Reserve Funds and Reserve Fund Studies

July, 23 2019 Published by Manitoba Chapter - By Jim Nostedt, Alan Forbes

Condo Reserve Fund Studies - Should there be More?

Reserve fund studies are key to the strategic planning process used by condominium corporations. However, incorporating principles of sustainability and the total cost of building ownership, decisions can be made to provide more value to current and future unit owners.

Condominium Reserve Fund Studies – Should There Be More?

Summary

We assume your desire as a condominium (condo) owner and/or a condo board director is to have a well-maintained building, whose value appreciates over time, while minimizing the cost of ownership for both the condo corporation and the individual unit owner. But how do you go about achieving that?

Most condo owners and their boards now understand that the purpose of a reserve fund study (RFS) is to ensure there is an adequate pool of money to take care of repairing and replacing common building components over the entire life of the building. But how does the RFS minimize your costs and maximize your value? It doesn't really, but we think there is a better approach that identifies all of the costs over the entire building life. This approach is called the Total Cost of Building Ownership (TCBO) and it has the potential to minimize your ownership costs over the long term.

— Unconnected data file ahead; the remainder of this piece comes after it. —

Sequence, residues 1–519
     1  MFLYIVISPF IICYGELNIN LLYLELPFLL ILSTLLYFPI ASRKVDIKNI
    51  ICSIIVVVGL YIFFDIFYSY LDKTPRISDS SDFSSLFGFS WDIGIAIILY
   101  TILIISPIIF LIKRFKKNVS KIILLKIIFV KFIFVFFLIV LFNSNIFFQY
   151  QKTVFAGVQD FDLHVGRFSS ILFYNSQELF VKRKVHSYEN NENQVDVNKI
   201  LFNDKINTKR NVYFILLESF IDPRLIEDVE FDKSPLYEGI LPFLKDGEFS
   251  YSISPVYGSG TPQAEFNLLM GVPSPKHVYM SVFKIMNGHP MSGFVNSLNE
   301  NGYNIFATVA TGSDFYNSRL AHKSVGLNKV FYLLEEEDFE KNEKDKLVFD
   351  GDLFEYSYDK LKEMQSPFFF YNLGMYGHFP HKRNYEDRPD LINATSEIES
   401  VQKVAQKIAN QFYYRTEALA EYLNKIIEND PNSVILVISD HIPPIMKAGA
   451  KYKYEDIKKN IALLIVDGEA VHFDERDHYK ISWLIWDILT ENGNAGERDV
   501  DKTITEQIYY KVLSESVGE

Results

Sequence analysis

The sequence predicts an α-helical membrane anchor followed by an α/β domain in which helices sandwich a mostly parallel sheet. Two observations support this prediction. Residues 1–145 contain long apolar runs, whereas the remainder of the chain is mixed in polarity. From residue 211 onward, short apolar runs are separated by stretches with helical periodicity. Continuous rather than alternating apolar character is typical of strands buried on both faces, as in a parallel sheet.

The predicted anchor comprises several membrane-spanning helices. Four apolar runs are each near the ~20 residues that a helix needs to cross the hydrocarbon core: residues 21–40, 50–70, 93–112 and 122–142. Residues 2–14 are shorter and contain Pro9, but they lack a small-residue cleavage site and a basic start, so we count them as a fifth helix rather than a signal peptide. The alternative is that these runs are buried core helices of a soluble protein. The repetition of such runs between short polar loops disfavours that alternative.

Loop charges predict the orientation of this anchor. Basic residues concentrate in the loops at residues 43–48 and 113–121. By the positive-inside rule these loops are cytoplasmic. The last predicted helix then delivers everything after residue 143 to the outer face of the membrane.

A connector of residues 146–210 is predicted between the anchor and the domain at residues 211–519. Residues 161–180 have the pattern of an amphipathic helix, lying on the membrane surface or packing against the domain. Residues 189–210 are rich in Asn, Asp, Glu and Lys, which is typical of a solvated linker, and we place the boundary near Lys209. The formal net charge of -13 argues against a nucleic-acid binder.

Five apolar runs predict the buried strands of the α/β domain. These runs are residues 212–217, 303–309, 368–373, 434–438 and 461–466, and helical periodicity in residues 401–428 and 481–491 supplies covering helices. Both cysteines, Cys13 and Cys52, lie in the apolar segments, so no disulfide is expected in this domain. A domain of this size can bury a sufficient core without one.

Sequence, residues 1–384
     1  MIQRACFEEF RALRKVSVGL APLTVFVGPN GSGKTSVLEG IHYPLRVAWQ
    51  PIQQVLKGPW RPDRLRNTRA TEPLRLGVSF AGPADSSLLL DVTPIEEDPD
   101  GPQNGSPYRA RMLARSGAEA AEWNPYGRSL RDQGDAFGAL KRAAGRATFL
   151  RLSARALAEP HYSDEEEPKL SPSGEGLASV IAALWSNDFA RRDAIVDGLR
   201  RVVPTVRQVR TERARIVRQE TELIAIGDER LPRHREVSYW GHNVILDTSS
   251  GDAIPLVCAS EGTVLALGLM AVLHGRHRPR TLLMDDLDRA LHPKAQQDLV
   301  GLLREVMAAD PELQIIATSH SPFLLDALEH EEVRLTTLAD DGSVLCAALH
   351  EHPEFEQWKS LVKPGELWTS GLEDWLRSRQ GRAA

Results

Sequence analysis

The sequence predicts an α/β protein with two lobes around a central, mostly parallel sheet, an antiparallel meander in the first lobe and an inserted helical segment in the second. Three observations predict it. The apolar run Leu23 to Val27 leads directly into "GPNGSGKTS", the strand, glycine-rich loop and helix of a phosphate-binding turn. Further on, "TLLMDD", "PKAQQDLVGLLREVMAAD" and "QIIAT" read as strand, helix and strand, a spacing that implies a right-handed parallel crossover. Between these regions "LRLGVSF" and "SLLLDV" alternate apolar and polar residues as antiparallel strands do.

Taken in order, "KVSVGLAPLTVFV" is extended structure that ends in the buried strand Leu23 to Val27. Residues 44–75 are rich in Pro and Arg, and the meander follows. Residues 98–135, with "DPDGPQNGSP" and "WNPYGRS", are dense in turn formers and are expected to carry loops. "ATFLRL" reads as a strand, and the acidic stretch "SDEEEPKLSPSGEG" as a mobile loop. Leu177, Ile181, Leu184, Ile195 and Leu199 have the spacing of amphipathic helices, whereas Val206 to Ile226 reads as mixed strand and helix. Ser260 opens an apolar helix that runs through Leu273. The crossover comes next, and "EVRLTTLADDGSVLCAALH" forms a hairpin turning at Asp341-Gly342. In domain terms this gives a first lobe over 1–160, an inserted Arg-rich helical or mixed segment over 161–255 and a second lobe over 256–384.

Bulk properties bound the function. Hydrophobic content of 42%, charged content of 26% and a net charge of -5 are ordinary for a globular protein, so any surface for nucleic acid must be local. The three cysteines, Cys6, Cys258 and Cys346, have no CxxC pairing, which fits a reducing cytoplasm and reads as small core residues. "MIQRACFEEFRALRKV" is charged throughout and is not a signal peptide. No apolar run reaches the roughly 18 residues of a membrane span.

Today’s Approach to RFS

“The intent of a reserve fund study is to look at the entire life span of condominium development and its components. Aside from the interior structure of the building, which will (should) last precisely as long as the life span of the building, every single other component or system will be replaced or repaired, at some point.”[1] The important point here is that the entire life of the building should be considered. Does your RFS consider the entire building life?

Lets start by looking at some examples:

·Example #1: a townhouse condo community whose roof was installed with 20-year asphalt shingles and it is time to replace them. Using 20-year shingles this time means you do it again in 20 years. To save money now because the reserve fund is low, do you have 15 year shingles installed instead? Or should you consider a metal roof, which may last 40-70 years? The metal roof costs more but lasts 2-3 times as long, would that be your choice? What additional information do you need to make the decision?

·Example #2: a three-story apartment-style condo needs the wood siding painted and has some rotten boards that need to be replaced. As well, each unit has some older drafty windows. Is the draft due to the windows or how they were installed, or perhaps due to defects in the exterior walls? Would you consider removing the siding, adding some insulation and properly sealing the building, then put on new siding that will not require painting in the future? What are the current heating and air conditioning bills and how much could you potentially save over the next decade or two, taking into account the expected escalating Hydro rates and carbon tax increases?